Sherlockiana is a wide open hobby. At out best, wee can enjoy discussing Sherlock Holmes with someone who just walked out of Sherlock Holmes: Game of Shadows as much as comparing the plots of "Red-Headed Leage" and "Three Garridebs." We do like to test ourselves and occasionally invite faux gate-keeping into our world, like Frank Morley's original BSI crossword or the Beacon Society's Fortescue Scholarship Exams, but none of those are ever seriously used to weed out the novices. Those are primarily for those of us who have been around a while and want to see how fast our Sherlockian car will go.
Yet there is one test that we game-playing Sherlockians tend to take without realizing it, a test that some have occasionally tried to keep away from the newbies for fear it will frighten them off. And yet the test remains, and eventually, most pass it without evening realizing they did. No degree, no applause, no ceremony. You just are no longer troubled by that longtime Sherlockian system we call . . .
The Jay Finley Christ abbreviations.
Four letters for each of the sixty stories in the Canon. ABBE, 3GAB, CHAS . . . each of them bring to mind a full story title in the mind of a Sherlockian seasoned in the traditional scholarship. It actually has two levels, too -- the first being when you recognize CHAS as "Charles Augustus Milverton," and the second being when you want to abbreviate "Charles Augustus Milverton" and go "Oh, CHAS," instead of "CHAR, maybe?"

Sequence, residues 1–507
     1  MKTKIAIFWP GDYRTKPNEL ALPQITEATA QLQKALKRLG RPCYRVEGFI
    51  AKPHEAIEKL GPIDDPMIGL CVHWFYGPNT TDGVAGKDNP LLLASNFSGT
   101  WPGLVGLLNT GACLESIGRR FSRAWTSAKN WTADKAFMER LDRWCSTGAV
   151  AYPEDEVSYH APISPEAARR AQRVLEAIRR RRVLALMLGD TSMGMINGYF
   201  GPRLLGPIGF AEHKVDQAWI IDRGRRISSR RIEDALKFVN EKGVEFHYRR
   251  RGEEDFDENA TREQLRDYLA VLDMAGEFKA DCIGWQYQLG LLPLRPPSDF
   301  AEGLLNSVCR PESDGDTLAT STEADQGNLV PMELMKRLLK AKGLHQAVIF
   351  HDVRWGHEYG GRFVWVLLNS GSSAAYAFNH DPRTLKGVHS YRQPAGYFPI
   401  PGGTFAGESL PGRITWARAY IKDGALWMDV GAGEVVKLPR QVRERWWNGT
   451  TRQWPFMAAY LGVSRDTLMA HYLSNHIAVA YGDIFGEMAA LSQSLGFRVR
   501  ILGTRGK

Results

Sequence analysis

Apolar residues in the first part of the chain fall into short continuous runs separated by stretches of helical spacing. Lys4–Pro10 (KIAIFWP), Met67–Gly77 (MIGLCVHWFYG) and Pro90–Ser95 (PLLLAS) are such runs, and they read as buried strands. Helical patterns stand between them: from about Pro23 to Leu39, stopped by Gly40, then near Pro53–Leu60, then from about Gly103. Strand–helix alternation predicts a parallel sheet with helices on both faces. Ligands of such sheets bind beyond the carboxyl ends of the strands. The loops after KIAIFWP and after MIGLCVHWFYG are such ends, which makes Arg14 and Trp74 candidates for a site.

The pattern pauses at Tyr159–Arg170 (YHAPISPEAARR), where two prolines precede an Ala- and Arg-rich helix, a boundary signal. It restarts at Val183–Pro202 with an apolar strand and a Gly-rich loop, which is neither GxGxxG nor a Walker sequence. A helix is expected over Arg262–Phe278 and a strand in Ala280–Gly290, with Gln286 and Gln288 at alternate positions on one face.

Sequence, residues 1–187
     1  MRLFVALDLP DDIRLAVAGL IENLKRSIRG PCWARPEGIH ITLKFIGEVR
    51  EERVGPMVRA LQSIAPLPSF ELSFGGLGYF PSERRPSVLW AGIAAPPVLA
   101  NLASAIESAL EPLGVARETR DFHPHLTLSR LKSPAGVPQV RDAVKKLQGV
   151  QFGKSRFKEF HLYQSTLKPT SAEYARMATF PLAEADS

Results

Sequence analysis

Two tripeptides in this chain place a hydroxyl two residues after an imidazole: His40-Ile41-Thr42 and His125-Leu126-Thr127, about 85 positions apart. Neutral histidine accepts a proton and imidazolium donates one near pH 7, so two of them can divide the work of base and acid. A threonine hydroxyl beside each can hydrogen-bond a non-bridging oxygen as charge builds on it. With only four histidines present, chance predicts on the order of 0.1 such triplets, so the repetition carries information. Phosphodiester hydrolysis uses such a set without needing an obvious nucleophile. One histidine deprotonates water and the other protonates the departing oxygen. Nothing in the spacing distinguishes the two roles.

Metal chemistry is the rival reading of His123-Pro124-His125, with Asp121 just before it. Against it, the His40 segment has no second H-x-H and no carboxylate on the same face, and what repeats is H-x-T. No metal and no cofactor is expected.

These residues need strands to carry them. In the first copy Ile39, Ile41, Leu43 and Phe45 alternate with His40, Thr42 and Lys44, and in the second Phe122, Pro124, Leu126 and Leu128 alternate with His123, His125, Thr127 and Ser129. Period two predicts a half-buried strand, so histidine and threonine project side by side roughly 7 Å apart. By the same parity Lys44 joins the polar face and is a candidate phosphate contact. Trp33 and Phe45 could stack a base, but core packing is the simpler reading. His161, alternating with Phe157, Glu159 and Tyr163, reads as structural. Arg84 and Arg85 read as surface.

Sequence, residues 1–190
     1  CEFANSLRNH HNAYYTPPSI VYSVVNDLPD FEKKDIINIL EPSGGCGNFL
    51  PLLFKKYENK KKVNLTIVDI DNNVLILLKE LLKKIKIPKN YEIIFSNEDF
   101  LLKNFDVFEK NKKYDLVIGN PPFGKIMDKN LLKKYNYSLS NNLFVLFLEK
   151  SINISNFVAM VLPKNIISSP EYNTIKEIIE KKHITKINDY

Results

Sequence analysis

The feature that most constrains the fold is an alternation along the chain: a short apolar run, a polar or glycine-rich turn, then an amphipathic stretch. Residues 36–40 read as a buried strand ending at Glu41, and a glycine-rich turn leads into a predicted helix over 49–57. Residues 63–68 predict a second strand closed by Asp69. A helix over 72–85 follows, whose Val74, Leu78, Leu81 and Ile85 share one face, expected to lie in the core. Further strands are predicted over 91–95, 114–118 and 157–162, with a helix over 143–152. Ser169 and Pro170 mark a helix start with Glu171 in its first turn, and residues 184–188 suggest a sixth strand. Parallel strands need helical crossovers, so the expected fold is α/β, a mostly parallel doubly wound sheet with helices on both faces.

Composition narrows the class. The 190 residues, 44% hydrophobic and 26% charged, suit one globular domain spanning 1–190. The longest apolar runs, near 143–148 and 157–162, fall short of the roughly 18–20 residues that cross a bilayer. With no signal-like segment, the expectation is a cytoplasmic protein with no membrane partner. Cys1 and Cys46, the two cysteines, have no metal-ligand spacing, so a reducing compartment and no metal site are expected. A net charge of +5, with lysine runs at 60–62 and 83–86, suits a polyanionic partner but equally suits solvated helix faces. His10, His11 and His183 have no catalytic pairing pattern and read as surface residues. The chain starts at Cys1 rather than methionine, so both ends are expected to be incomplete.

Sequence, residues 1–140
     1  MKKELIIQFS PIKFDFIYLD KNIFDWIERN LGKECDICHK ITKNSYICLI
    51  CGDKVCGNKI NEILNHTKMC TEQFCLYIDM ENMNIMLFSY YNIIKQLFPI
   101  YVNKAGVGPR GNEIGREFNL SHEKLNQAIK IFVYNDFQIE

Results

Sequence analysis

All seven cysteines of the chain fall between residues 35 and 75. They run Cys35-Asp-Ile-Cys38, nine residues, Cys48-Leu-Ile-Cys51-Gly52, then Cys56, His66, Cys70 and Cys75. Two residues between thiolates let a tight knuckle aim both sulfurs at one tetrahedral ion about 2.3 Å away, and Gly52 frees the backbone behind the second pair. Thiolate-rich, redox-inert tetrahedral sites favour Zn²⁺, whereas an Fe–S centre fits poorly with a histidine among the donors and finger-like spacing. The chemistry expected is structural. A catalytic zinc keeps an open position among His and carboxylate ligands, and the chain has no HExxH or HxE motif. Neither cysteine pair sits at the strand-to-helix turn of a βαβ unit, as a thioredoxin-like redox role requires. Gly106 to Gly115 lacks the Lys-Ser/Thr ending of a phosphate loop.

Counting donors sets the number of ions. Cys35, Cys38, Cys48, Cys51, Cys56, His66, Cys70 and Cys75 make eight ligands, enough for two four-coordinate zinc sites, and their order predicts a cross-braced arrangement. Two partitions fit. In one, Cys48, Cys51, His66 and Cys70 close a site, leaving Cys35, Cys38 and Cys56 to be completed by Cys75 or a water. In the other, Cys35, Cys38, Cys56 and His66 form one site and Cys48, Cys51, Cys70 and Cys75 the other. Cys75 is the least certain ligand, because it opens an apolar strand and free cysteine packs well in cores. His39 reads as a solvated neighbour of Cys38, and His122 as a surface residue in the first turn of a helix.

We rarely lay out a list and go, "Put the title next to each abbreviation," or vice versa, but there can come a time when you're just comfortable with them. And it doesn't come quickly, the same as in learning any field's specific buzzwords. Do they frighten off fresh, young Sherlockians? I sincerely doubt it. If you're the kind of person who can't stand ENGR in an article about Victor Hatherley, you're probably not the kind of person who wants to read an article about Victor Hatherley to begin with. And if you love "Engineer's Thumb" enough to want to learn more about Victor freakin' Hatherly, the pet name of "ENGR" probably is just going to be one part of your intimate bonding to that case.
The Christ abbreviations have raised their four-letter heads up again big time with Paul Thomas Miller's "Chapter and Verse" version of the Sherlockian Canon. If just the abbreviations were going to frighten people away with their arcane nature, "SIGN1:14" (Don't look that up, I picked it at random.) is going to make those same delicate folk soil their drawers. But that's okay. No shame on needing Depends in this day and age. You can still be a Sherlockian and we'll let you in.
But magic needs its mysteries, its hidden knowledges, and the tales of Sherlock Holmes and John H. Watson are indeed magical. The mark of a certain sort of adept at one branch of that magic is knowledge of those silly four-letter codes. It's just a mile marker you pass along the way, and not a toll gate that you have to complete to pass through.
A test we sometimes take without knowing we're taking it . . .